However, Radnóti’s Hungarian readers have fared badly at the hands of their own literary establishment. In common with the opinion shapers of the rest of formerly Soviet-dominated Europe, most of Hungary’s teachers and editors have not even begun to digest the shameful role their country played during the war. Under strict orders, “the establishment in the Communist era deliberately fed to the public a distorted image of the war,” writes historian János Gyurgyák in his landmark study, A zsidókérdés Magyarországon (The Jewish Question in Hungary, Osiris Press, Budapest, 2002).
It depicted the occupying Germans and certain of their prominent Hungarian allies as the perpetrators of all horrors, Gyurgyák goes on. This falsified the truth and, what is even more important, sought to relieve society of its moral burden without any attempt at confronting the past.
Yet the spirit of Radnóti’s poetry has miraculously survived and won the affection of the nation. Radnóti today is perhaps the best loved by the Hungarian public among all its poets of the recent past. His lines are quoted at public meetings. Hence indeed the prolonged furore over the revelations of the circumstances of his murder.
Despite public interest, his murder has been hitherto shrouded by misinformation. But unknown to the public, the facts were reliably established shortly after the war by confidential inquiries conducted under the authority of the interior ministry here in order to forestall any hitch to the smooth administration of the Communist order. The archives of the ministry at last exposed to researchers are belatedly rewriting history.
We now understand that the state inquiries had been ordered to enable the regime to respond with authority to any conclusions turned up by persistent private investigations conducted by historians Ábel Koszegi and Gábor Tolnai. The two were following in the footsteps of András Dienes, a deceased colleague, whose own extensive manuscript on Radnóti’s murder had disappeared in mysterious circumstances in 1962.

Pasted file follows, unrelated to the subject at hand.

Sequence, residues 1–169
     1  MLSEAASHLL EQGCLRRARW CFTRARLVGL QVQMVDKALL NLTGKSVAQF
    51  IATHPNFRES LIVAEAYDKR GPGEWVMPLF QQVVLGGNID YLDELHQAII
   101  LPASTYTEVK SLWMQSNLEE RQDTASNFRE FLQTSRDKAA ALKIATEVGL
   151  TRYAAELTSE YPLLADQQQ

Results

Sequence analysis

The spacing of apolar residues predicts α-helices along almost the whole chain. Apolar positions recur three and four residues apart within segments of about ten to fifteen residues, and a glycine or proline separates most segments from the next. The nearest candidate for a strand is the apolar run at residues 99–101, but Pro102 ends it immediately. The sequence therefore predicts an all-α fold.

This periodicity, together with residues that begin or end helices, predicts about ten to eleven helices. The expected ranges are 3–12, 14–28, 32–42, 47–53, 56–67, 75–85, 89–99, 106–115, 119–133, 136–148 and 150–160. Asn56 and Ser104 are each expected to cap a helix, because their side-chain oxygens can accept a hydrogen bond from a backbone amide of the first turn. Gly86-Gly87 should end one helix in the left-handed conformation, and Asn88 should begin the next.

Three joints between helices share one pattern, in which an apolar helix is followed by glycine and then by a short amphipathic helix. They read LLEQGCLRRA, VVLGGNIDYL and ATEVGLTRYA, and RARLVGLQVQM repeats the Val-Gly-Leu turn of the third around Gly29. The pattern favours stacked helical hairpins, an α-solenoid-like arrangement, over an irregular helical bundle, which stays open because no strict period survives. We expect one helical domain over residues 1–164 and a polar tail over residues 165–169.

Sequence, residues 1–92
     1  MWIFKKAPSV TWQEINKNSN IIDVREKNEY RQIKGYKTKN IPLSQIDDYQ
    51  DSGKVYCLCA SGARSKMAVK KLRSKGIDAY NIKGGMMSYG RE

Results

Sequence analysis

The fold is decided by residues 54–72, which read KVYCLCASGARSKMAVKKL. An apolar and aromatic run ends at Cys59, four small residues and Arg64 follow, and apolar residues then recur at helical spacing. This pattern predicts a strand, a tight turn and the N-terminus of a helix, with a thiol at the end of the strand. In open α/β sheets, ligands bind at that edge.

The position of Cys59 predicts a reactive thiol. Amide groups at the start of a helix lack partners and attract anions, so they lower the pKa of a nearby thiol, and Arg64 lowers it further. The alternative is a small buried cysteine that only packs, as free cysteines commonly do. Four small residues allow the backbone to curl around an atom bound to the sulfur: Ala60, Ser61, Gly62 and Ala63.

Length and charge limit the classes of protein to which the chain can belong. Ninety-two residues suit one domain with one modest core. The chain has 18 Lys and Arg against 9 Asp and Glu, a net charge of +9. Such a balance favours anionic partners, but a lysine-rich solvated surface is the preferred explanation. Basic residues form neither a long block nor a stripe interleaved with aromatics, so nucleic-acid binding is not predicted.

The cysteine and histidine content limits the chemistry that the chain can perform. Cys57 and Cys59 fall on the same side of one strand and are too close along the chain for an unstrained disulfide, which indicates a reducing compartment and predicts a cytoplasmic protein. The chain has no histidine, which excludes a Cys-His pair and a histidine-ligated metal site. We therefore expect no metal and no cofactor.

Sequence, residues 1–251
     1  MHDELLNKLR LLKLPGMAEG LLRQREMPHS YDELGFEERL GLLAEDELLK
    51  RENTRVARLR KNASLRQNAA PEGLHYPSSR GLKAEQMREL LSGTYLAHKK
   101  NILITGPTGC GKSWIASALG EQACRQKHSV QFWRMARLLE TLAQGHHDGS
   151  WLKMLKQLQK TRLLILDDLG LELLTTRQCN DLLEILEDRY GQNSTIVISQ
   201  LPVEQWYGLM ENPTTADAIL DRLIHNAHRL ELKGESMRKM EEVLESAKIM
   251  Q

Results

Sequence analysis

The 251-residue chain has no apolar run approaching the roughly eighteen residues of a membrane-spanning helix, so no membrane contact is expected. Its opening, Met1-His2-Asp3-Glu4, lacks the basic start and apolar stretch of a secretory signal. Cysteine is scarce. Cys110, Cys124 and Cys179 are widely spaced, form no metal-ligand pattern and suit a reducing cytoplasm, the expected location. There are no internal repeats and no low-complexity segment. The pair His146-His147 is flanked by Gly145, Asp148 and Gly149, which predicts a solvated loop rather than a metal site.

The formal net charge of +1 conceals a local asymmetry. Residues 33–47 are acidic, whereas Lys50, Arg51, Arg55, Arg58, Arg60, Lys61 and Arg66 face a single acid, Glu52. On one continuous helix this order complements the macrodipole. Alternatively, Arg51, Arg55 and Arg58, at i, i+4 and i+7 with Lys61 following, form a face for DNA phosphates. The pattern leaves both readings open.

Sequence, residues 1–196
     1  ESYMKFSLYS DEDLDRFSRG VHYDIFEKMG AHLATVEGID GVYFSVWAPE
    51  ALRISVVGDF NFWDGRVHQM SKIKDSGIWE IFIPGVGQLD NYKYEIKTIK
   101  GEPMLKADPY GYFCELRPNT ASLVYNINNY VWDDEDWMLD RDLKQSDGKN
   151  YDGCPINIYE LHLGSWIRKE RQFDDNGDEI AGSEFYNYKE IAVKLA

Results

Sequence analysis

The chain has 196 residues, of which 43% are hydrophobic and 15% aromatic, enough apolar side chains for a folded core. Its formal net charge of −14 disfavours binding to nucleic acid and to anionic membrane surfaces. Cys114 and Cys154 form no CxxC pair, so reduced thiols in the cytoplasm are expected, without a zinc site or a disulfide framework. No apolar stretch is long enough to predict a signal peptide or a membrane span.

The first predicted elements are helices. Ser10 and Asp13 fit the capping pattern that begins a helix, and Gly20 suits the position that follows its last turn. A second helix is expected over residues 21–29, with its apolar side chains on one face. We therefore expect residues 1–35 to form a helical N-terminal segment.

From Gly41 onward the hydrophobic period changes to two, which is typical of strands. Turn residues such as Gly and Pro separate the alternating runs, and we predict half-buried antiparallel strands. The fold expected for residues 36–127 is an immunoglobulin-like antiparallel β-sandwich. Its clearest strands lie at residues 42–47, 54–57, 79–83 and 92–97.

The archives now provide the core of Csapody’s evidence, corroborated by the records of slave labour camps in Serbia where Radnóti and some 6,000 other Hungarian Jews were deployed in the war, about half of whom perished. Csapody matched his findings with testimonials by survivors and material in the archives of Yad Vashem (Israel), Belgrade, Berlin and Budapest.
Csapody is a widely published, highly respected intellectual and author of Civil forgatókönyvek (Civil Scenarios, Századvég Publishers, Budapest, 2002), a collection of essays on principal aspects of the Hungarian transition process. He has also published several specialist papers during recent years on his research into Radnóti’s murder and the Serbian slave camps near Bor.
But the issue has burst into the public domain only in 2009 through the publication of major articles by him in the authoritative Népszabadság newspaper and the literary journal Élet és Irodalom. These articles have been reprinted by many other newspapers, and the subject taken up by many other writers.
The truth of the murder is of considerable public interest because of the affection in which Radnóti is held by poetry readers and also because the revelations coincide with an upsurge of neo-Nazism that upsets a lot of people.
Csapody writes that the Bor camps were supervised by the Germans but administered by the Hungarians with senseless brutality. They were vacated late in 1944 as part of the German retreat, its inmates despatched westwards in an infamous “death march”.
The frightened, exhausted and starved captives were driven at a forced pace across wild mountain terrain under the blows of their armed escorts who were themselves being harassed by the Serbian partisans. People were being murdered at no provocation.
Those who had the strength supported their limping fellows. The condition of the prisoners was such that their guard allowed them to march through civilian settlements only by night for fear of outraging the residents.